This Research Paper will be on the Musical: An American in Paris. The Musical R
This Research Paper will be on the Musical: An American in Paris.
The Musical Research Paper has a formal, professional tone, and is intended to help students develop an original and thoughtful composition that is accurate in research and analysis, well organized in structure, and clear in comprehension. The main objective of the paper is to use analysis and research to inform us about the musical itself and how it reflects American life. Avoid merely summarizing the plot, and instead, analyze how the story and characters contribute to a social reflection, making sure that you focus on the lyrics and music and/or dance of at least three songs. You can also use background information about the librettist, lyricist and composer, details about the work itself (actors/singers, directors/choreographers, dialogue, etc.), and historical facts about the world outside the musical in order to draw parallels with the musical. It is always powerful to personalize, but keep the focus on the musical and your analysis of it, rather than on your own life. Here are some questions to help you in your analysis:
How does the music, lyrics and dancing contribute to storytelling?
What are the main themes and is there a statement made by the show?
How is the musical a reaction to something happening in the country at the time?
Is there a character who represents some issue from the era? Are there characters who function as members of the society of the time?
Does the style of the music or staging reflect a quality or issue of the world of the play/musical?
How does the musical reflect the culture that produced it?
In either case, you need to argue your position by explaining how specific examples from the musical support it. Take us into the musical by drawing examples from it, rather than discussing only the era from when the show was produced. A dialogue sequence or a monologue from the libretto may serve your claim as evidence, but also consider the dramatic action (what happens in a scene), as well as characters, the lyrics of the songs, and the style of the music (which communicates feeling more directly than words).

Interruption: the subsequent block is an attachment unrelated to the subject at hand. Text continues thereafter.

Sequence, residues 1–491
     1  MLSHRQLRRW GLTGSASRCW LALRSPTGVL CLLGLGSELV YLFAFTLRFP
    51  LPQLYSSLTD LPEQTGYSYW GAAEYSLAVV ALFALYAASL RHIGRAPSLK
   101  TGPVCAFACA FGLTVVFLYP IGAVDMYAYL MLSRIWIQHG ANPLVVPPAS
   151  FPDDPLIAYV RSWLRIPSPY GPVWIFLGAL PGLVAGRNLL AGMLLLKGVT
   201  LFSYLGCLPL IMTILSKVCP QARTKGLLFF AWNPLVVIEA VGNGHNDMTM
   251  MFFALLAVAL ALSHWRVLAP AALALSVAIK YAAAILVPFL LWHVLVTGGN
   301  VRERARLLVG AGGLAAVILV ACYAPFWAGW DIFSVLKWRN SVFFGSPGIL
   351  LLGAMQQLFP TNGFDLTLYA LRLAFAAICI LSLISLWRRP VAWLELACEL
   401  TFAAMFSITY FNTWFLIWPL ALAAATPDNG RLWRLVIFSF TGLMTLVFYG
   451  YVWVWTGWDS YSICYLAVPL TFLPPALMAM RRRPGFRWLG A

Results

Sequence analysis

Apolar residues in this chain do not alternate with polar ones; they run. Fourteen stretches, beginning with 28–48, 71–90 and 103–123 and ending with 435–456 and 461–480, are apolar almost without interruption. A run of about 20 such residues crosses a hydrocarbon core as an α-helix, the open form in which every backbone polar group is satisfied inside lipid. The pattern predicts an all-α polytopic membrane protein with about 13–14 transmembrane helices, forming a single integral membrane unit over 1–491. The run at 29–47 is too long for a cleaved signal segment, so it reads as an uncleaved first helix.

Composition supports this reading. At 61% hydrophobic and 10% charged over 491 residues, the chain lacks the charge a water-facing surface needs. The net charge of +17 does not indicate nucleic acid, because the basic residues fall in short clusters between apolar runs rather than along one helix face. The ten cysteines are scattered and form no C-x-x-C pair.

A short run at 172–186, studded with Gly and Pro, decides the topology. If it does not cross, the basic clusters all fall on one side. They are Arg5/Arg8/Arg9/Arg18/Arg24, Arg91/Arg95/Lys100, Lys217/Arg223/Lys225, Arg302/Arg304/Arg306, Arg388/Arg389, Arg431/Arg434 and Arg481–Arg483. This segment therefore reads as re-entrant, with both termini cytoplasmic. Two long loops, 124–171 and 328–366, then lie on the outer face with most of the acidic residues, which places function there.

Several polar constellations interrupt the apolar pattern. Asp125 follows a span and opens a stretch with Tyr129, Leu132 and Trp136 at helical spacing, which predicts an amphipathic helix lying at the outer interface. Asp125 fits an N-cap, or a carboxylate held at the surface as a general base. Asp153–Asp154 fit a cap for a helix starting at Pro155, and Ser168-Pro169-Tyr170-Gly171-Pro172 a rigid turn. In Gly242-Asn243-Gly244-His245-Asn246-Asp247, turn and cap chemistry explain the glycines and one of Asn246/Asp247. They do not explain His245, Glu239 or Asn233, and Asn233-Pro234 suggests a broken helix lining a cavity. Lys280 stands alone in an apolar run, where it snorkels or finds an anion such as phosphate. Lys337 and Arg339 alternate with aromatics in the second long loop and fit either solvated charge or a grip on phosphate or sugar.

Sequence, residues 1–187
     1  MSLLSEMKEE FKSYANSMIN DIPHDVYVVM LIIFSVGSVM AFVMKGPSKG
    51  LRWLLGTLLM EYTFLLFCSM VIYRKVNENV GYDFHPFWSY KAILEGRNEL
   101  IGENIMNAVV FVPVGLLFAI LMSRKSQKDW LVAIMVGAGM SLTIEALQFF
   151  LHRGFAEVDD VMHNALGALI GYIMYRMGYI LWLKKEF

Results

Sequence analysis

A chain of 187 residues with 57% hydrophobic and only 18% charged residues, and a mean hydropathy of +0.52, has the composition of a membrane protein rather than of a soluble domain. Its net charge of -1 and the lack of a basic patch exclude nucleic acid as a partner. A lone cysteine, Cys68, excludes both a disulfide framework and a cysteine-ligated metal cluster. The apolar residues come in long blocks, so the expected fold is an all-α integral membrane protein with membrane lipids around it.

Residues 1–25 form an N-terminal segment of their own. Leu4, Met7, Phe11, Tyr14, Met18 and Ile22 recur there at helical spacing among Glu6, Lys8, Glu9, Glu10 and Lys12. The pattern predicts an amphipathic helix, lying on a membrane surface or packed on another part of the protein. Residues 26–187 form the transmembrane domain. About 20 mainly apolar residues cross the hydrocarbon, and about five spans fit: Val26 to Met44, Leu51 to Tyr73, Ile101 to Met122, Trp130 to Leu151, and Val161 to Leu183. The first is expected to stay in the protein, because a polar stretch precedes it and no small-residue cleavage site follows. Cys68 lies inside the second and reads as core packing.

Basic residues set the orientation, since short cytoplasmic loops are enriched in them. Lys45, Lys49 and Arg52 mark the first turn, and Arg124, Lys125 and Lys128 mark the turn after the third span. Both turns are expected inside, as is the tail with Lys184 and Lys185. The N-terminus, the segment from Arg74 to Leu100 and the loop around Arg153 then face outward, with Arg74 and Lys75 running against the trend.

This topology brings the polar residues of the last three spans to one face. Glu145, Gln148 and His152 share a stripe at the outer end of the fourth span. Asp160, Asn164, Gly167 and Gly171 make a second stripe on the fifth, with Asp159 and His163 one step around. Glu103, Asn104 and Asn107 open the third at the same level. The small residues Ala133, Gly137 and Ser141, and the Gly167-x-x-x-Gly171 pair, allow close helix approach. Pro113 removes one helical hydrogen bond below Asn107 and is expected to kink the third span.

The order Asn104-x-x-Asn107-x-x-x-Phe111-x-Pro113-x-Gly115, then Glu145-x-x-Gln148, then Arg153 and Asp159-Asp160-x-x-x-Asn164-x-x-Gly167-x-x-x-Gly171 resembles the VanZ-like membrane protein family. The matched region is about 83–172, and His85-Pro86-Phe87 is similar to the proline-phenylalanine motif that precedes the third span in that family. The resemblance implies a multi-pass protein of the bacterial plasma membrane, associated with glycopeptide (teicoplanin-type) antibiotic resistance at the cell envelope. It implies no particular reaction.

This paper requires more than a paraphrasing from Wikipedia or enotes.com; it demands that you read the actual libretto and/or view the work itself in some form, and apply your critical thinking to it. Do NOT choose one of the six musicals we have focused on in class. The experience is meant to be your own exploration of a work of your choice that does not simply repeat something already covered in class.
The Research Paper should utilize at least 3 to 5 works as sources in the List of Works Cited, and include at least 3 to 5 citations to those sources in the text. Citing your sources not only avoids plagiarism, but gives your paper more credibility. Humanities follows MLA Documentation practice, and you need to use that system for this paper. It won’t hurt you to try a different format from what you may be used to. To acknowledge your sources in the text of the paper, type the author’s last name and a page number within parentheses at the end of the sentence that includes the author’s idea or quotation (Parenthetical Documentation). Do not put whole titles or website addresses in a citation; you will only need a List of Works Cited page at the end of the paper (arranged alphabetically) instead of the usual Endnotes and Bibliography pages. These examples should help guide you, but for specific instructions on creating all forms of documentation, you should consult the MLA Guidelines. If you do not possess a style manual, you might wish to use the online site at Purdue to help you ().
NOTE ON SOURCES: Though you can get familiar with your musical by doing preliminary research using sources from the “surface web” (sources one can access with any search engine, like Wikipedia, bookrags, enotes, sparknotes, etc.), you need to access works for your List of Works Cited from the “deep web” (sources one can only access through the library’s portal, like JStor, Project Muse, etc.). The use of “validated critics” on sites that are subject to “peer review” ensures that your work will have the authority to provide a strong argument for your thesis.